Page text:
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Probably a stupid question for most that know DMA and caches... I just know cache stores memory to somewhere closer to where you can access so you don't have to spend as much time for the I/O.

But what about DMA? It lets you access that main memory with less delay?

Could someone explain the differences, both, or why I'm just confused?

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2 Answers

DMA is a hardware device that can move to/from memory without using CPU instructions.

For instance, a hardware device (lets say, your PCI sound device) wants audio to play back. You can either:

  1. Write a word at a time via a CPU mov instructions.
  2. Configure the DMA device. You give it a start address, a destination, and the number of bytes to copy. The transfer now occurs while the CPU does something else instead of spoon feeding the audio device.

DMA can be very complex (scatter gather, etc), and varies by bus type and system.

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I agree fully with the first answer, and there are some common additions...

On most DMA hardwares you can also set it up to do memory to memory transfers - there are not always external devices involved. Also depending on the system you may or may not need to sync the CPU-cache in software before (or after the transfer), since the data the DMA transfers into/from memory may be done without the knowledge of the CPU-cache.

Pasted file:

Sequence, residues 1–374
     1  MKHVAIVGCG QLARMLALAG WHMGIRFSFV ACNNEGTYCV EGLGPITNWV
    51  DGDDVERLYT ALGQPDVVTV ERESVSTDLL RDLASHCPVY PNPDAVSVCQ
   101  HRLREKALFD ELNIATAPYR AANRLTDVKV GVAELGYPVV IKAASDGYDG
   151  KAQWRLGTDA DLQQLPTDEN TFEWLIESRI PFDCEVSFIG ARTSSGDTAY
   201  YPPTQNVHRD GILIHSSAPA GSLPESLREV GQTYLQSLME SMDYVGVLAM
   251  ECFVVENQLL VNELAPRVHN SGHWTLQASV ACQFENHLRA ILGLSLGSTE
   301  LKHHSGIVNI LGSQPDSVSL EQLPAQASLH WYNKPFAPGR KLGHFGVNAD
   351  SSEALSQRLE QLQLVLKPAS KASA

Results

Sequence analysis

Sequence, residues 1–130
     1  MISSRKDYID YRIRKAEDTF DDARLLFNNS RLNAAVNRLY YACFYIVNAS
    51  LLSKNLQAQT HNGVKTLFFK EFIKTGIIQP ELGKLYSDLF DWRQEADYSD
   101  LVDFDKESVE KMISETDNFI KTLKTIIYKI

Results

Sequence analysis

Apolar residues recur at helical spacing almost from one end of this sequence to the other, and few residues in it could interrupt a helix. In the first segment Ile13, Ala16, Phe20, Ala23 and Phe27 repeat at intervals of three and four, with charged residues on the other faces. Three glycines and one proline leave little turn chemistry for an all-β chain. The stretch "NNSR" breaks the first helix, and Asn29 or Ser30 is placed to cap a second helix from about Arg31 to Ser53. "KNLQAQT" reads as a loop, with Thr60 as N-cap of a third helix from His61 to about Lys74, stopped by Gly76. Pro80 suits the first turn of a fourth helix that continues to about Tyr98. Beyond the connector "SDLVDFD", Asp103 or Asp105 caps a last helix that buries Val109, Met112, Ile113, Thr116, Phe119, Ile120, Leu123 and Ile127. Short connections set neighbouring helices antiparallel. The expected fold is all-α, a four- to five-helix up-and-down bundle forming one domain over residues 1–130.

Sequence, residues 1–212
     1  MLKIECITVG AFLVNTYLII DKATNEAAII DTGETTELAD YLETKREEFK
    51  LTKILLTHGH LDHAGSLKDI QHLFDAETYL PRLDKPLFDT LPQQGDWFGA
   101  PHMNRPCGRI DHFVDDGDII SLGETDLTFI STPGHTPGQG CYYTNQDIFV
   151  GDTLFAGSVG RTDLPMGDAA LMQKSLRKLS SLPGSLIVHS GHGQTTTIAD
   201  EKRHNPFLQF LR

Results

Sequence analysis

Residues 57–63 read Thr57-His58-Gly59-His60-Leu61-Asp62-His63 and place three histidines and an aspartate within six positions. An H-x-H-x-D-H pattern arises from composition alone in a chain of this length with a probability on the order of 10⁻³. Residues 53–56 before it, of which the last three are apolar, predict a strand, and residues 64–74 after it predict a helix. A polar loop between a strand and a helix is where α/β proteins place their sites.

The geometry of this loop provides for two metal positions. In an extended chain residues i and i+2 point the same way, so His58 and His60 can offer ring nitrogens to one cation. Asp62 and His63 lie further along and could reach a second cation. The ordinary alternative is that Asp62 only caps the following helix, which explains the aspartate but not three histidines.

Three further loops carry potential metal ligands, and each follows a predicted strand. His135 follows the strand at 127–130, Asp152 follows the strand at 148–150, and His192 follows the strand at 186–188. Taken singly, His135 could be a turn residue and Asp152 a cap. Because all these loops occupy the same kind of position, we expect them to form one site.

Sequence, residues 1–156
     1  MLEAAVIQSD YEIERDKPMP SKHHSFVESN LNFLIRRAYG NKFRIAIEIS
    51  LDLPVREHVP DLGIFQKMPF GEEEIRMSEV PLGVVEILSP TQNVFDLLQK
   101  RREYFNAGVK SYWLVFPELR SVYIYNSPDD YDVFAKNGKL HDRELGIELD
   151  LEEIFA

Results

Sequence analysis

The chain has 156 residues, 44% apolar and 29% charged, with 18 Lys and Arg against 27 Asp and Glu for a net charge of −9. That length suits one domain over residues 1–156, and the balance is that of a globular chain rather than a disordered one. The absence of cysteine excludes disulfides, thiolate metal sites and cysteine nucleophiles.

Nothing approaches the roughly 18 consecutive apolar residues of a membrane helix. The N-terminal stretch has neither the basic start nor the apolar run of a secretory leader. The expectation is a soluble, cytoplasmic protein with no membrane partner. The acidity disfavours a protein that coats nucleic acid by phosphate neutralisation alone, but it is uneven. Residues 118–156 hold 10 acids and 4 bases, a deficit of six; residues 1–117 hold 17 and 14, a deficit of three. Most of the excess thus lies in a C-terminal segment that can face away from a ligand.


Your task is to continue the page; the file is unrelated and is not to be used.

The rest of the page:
The benefit of doing any DMA is that the CPU(s) is/are able to do other things simultaneously. Of course when the CPU also needs to access the memory, only one can gain access and the other must wait.

Mem to mem DMA is often used in embedded systems to increase performance, or may be vital to be able to access some parts of the memory at all.

To answer the question, DMA and CPU-cache are totally different things and not comparable.

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